8 Processing mutton on an inverted slaughter chain Mutton price is also determined by the ability to meet market specifications. As a rule of thumb, price improves by 20 25% for mutton carcases more than 20kg carcase weight. For example, using dressing percentages from Table 3 on page 14: 47kg liveweight wether fat score 2 41% DP 19.3kg 90c/kg = $ kg liveweight wether fat score 3 43% DP 23.2kg $1.20/kg = $27.84 Managing liveweight and fat score to meet a higher priced market specification improves the price received per head and enterprise profitability. Improvement in the price per head of sheep sold should be kept in context of the whole enterprise, as mutton price is the smallest contributor to enterprise gross margin returns. The benefit/cost in obtaining the extra liveweight should be calculated. The cost of supplementary feeding to improve liveweight in the above example ($7/head) may not be covered by the extra income from the sale of higher value mutton if pasture conditions are poor. Sheep feeding requirements to improve liveweight will vary according to the quantity and quality of available pasture. Grazfeed an easy to use computer program will help accurately assess the need and cost of supplementation. With some planning producers of mutton sheep can improve returns by ensuring that mutton specifications are met. This applies to Merino enterprises across all micron categories. However, as wool price increases with decreased fibre diameter, the increased return from mutton is proportionally less of total gross income. 5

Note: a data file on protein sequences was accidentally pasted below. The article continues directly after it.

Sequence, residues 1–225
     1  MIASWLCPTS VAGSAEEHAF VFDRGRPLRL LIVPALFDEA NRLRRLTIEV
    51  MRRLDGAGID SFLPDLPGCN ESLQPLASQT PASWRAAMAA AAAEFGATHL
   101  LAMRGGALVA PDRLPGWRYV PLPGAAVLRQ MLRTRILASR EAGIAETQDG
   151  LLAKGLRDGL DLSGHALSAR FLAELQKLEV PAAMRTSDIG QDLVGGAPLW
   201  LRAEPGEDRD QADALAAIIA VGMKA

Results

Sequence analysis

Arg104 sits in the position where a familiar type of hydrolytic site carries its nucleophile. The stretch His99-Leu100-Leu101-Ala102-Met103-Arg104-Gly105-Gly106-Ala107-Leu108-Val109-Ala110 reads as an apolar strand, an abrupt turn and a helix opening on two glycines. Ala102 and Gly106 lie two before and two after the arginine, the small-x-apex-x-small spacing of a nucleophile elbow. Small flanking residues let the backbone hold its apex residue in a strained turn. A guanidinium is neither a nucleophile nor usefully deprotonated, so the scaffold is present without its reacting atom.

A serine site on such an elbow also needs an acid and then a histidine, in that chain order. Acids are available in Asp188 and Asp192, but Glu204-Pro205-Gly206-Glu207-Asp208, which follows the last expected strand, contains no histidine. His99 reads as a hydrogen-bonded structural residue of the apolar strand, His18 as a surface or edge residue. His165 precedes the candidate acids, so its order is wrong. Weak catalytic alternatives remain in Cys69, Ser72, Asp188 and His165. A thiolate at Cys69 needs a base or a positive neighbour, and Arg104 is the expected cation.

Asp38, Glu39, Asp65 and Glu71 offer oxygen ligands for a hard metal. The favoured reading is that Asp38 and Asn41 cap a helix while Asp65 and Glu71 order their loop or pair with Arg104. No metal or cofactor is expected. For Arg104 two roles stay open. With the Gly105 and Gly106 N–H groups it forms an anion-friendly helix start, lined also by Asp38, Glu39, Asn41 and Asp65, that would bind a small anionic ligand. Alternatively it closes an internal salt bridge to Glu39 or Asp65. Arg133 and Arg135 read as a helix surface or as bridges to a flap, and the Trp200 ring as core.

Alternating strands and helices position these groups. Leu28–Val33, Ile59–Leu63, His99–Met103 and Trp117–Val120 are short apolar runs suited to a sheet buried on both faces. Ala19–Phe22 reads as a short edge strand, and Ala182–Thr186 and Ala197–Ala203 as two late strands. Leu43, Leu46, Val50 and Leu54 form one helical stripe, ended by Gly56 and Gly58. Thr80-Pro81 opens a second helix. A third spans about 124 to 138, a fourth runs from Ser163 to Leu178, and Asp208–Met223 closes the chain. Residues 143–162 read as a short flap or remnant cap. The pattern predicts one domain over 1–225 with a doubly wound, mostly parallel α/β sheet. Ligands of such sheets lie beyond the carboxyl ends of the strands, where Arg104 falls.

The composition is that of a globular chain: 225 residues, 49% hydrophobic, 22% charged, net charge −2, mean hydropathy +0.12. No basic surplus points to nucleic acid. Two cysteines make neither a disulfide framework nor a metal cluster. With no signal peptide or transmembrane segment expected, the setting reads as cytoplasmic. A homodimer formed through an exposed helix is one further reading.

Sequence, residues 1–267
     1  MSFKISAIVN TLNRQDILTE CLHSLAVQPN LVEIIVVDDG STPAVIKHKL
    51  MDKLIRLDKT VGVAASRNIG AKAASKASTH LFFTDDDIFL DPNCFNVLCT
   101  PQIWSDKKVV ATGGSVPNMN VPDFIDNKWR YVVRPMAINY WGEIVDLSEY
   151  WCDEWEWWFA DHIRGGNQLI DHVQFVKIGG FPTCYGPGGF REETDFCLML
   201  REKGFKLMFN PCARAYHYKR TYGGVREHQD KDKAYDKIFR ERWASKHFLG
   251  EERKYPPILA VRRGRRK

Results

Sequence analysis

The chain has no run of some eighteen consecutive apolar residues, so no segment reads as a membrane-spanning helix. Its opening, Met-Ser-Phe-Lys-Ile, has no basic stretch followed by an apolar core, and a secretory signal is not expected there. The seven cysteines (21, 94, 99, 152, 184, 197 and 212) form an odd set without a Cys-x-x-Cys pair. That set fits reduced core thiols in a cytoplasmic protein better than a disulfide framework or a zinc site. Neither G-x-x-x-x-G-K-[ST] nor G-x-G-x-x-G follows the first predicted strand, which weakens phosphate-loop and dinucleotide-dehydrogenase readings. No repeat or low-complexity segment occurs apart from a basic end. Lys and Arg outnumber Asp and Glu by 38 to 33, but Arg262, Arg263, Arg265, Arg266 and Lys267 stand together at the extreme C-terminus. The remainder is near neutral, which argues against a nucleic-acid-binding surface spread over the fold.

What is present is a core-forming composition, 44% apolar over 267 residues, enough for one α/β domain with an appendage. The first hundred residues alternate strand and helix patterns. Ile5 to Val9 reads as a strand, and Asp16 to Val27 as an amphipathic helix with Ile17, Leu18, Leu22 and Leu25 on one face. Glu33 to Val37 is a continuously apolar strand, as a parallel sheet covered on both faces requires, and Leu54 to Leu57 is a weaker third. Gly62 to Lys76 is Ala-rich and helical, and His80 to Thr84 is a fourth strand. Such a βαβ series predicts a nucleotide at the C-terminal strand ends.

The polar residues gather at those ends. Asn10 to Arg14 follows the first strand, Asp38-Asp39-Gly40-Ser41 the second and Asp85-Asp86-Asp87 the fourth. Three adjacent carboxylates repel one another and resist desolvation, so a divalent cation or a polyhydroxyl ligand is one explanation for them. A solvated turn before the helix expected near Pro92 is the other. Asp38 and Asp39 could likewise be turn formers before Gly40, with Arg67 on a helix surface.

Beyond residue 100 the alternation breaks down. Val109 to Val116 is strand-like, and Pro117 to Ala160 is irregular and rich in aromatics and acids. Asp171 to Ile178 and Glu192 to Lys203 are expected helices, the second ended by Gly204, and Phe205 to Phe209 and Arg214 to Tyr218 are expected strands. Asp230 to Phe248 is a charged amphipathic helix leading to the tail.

9 Breeding to improve mutton production The potential exists to increase the emphasis of meat traits in a Merino breeding program. Adult sheep will then have more chance of meeting export carcase weight specifications of more than 20kg. Selection for body weight will result in heavier progeny, as the trait is moderately heritable. The effect of the environment on the higher body weight needs to be considered. For example, some traditional fine wool bloodlines are grown in areas with low pasture production or quality. This may limit higher body weights. To set a practical breeding objective for a flock, first determine the relative importance of the wool and meat traits that will improve profitability. Wool is normally the major contributor to gross margin income. Therefore, for most Merino breeding objectives, fibre diameter and fleece weight will have considerably more emphasis than meat traits such as body weight, leanness, muscling, meat colour, tenderness and ph. As a breeding program increases emphasis on meat production, the reproduction rate will also become more important. Higher reproduction rates generate more animals for sale. To harness this genetic potential for more live lambs, high levels of management are required. For example, consider the increase in effective stocking rate resulting from the improved reproduction rate. Genetic improvement in reproductive rate will be slow, as it is not as heritable as other traits such as fibre diameter, fleece weight or body weight. Compromises in genetic progress sometimes have to be made when setting and implementing a breeding objective. The genetic relationships between traits as well as the trait s heritability should be considered when establishing the relative balance between traits. The relationships with other traits may be used to advantage. For example, a favourable relationship exists between body weight and reproduction rate. The heritability of traits and relationships between traits are reflected in estimated breeding values (EBVs). EBVs provide breeders with an assessment of performance, with adjustments for heritability and relationships with other traits. Adjustments for the performance of relatives and early age effects can also be accounted for in an EBV, thus providing one easy-to-use value for each trait. The key issue for any sheep breeding program is to establish clearly the value that different traits make to the profit for the enterprise. Once confident of this balance, you can establish this as an index to consistently apply your objective to the animals EBVs. EBVs and the index a breeder identifies as suitable for the flock can be used to select replacement ewes and rams. Merino Genetic Services (MGS) and Advanced Breeding Services (ABS) are systems that can help breeders accurately select for both meat and wool traits. See Appendix 6. 6